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Retail packaging for a new healthcare product

We’ve been working with Leeds-based Advaskin, developing branding and packaging for a new pharmaceutical product, Sedigel.

Sedigel is a new scalp preparation that helps to reduce irritation and itching - our brief was to develop packaging that would allow it to share shelf space with other products in the retail healthcare sector.

The first part of our development process was to find out what was already on the market. We spent time visiting supermarkets and chemists examining and photographing similar products and getting a feel for their branding and packaging.

Positioning the design of a retail package is a tightrope act - trying to make it recognisable and distinct, whilst also placing it within a recognisable sector of products. To exactly mimic a competitor would just be to rip it off; to produce something radically different from the rest of the sector would risk confusing customers and damaging sales.

So is our Sedigel packaging just copycat design? I don't think so - our design gives visual reinforcement that Sedigel is a clinical product, and also provides a recognisable identity that can be implemented as necessary.

Posted by Brian 14.12.12 [ page link ]


Touch-screen interfaces

We’ve been doing some interesting work with digital information specialists Savience, developing new visual interfaces for their clinic management systems.

The first system we looked at was a touch-screen self-service check in system designed for hospital clinics.

Key to this project was breaking down the content into manageable chunks so users weren’t faced with too much information at any one time. Screens needed to follow in a logical order with clear navigation. The right information in the right place at the right time.

To test our designs out we used an iPad with the different screens set up as active Keynote pages - a relatively quick and simple way of seeing how users behaved.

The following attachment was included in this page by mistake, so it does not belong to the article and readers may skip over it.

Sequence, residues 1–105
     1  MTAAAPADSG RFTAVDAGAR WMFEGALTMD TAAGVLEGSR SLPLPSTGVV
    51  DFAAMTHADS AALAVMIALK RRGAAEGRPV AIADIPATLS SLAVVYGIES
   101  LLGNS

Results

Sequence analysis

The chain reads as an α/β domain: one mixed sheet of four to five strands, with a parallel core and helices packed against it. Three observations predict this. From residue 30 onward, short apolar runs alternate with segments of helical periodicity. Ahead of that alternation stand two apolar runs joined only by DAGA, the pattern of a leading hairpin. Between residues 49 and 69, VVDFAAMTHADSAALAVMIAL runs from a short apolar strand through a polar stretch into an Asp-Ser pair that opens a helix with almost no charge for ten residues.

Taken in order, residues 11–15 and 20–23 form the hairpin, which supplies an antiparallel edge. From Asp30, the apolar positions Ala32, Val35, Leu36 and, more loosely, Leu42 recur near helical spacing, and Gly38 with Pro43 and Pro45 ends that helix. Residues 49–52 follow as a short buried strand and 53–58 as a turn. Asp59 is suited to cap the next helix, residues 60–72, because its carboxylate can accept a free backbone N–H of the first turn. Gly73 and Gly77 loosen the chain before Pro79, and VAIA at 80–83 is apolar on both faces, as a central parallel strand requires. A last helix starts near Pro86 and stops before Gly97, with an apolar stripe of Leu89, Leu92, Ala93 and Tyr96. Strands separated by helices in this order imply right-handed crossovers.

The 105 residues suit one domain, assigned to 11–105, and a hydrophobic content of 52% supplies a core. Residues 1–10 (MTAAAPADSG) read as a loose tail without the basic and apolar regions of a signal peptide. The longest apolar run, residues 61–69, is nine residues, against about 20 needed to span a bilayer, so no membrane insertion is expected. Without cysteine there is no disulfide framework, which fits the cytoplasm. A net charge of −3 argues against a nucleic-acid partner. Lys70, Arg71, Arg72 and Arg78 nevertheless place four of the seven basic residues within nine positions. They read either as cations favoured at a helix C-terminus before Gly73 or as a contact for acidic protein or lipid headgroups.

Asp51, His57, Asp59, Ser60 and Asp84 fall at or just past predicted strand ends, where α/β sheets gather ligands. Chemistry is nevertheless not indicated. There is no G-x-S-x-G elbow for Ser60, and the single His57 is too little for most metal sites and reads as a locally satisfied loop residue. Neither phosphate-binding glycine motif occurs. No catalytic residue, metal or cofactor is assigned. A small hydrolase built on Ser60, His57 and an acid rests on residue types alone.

The finalised interface has now gone live in hospitals across the country, with impressive results. In one location the use by patients increased more than doubled in a three month period.

Posted by Brian 14.12.12 [ page link ]


Instructions for Use

Anyone who has ever been to IKEA will have an opinion about Instructions for Use. Some are better than others. 

We’ve seen a steady growth in the number of Instructions for Use ‘IFU’ documents we’ve been asked to produce for medical devices. We like IFUs - they give us chance to flex our illustrative muscles, and they fit perfectly with our expertise in making information clear.

There’s lots of interesting psychology in instructional design - certainly enough for a PhD or two - but what we’re interested in is presenting the right information at the right time. Not too much, not too little - illustration decisions are as much about what to leave out as what to include.

It’s for this reason that we prefer to use illustrations rather than photographs because it give us scope to take out anything that's not relevant - we want readers to be able to concentrate on what they're trying to do. Also we get to have fun adding arrows, speech bubbles, pull-outs, cut-outs and all those other tools in the designer’s box of tricks.

All our IFU work goes through formal user-testing, because however pleased we might be with our designs, the measure of their success is whether people can actually use them to carry out tasks.

Posted by Brian 14.10.12 [ page link ]


Testing the QRD Template for patient information leaflets

All pharmaceutical patient information leaflets in the EU have to undergo formal user testing, underpinned by the Quality Review of Documents (QRD) template - ironically, this document has never undergone user testing itself.

Last year Mark Gibson of the Gibson Research Consultancy put the template through formal testing - he has just released his report here. [PDF]

Posted by Brian 11.5.11 [ page link ]


Taiwan in paper form

Beautiful paper-folded infographics from Taiwanese designer Tien Min Liao [Anna]

Posted by Anna 10.5.11 [ page link ]


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